I don’t know that I ignored the signs, but there was always a good excuse — don’t want to get fired, need to build my relationship with my partners, and finally, “it’s my firm; nobody else will do it.” But they’re all just that: excuses. My firm is also a high-volume practice where we help a lot of people at a really desperate time in their lives, which adds to the internal push to just work more.
What happened that made you reevaluate your priorities?
When I was 41 years old, I was the owner of my firm, and I needed emergency surgery. I was out for about three months and my associates had to keep the firm running while I recuperated. I can’t say that being a workaholic caused my medical problem, but I’m sure my stress and poor diet didn’t help.
How is your life different now?
I started focusing on some projects I was more passionate about while I was recovering at home, mostly software that I designed to implement an agile transformation in my firm. These processes were partly why, despite my belief otherwise, the firm was able to function just fine without my presence, let alone my nonsensical amount of effort. I’m able to work asynchronously and more deeply with less time. As a result, I’m home for dinners, tennis practice, and quality time with my family. My wife and I can throw our kids and dogs in a van and go away for a weekend with little planning.
I’m fortunate in that I work in a primarily contingent practice, where efficiency doesn’t mean billing less time and, as a result, earning less. It’s hard to do this in a billable world — and even harder for associates who have to strive to satisfy unrealistic expectations.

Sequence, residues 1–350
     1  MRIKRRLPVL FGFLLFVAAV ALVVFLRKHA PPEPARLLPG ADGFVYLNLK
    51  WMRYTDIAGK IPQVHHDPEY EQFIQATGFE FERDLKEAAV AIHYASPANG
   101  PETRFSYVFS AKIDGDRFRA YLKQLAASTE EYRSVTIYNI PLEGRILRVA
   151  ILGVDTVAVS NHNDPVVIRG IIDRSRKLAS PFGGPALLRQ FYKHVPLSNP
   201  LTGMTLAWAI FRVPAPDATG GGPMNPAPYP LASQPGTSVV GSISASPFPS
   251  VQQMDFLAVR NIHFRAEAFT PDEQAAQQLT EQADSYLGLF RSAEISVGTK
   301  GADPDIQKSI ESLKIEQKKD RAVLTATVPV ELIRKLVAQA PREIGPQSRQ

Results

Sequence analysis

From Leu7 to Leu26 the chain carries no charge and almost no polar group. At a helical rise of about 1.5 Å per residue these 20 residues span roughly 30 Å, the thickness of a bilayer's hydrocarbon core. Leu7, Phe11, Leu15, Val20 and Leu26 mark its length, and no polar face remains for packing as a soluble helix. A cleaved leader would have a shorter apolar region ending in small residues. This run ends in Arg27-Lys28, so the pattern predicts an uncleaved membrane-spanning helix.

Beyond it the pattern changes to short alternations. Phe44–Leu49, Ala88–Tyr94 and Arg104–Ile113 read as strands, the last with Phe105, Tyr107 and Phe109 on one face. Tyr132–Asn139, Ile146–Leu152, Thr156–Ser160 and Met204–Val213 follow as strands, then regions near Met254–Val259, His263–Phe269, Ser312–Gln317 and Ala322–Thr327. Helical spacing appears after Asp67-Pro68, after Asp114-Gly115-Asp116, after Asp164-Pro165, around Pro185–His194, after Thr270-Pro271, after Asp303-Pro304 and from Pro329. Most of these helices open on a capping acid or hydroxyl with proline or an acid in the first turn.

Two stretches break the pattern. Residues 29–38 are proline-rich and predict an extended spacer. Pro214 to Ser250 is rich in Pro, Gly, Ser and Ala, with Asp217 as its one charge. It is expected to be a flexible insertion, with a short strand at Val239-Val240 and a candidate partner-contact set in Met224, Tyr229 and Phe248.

However, life is short, and very few of us will be remembered for our legal work, no matter how important it is to our individual clients.
Was it difficult not to slip back into workaholism mode?
Yes, but only because I naturally dive deeply into whatever I’m working on. There will always be deadlines and pushes when a project absolutely has to get done. The key has been to identify them in advance and give them space, but make sure they don’t stack up. This way, if I am working late because I have an appellate brief due, I am probably taking the following day off, or working from home to make sure I can unplug.
What advice do you have for workaholic lawyers?
Find better ways to work. Understanding where my time was actually going let me identify where I could make changes to focus my individual and management efforts on the things that needed my attention, and to delegate the things that didn’t need my direct involvement. There are many ways to have a better balance.
Let’s Learn From This Lawyer
I’m genuinely grateful that this lawyer was willing to share his experience with workaholism and remind us of the importance of balance. When we are overly involved in our work, we aren’t able to be present for the things and people who matter the most to us.
You Might Also Like:
“You Don’t Need a Holiday to Show Some Love” by Ruth Carter
“Sabotaging Your Practice? Just Stop It!” by Ruth Carter
“Five Ways to Feel Less Anxious and More Balanced” by Jamie Spannhake
“Organize Your Time With a Good, Thoughtful Plan” by Jamie Spannhake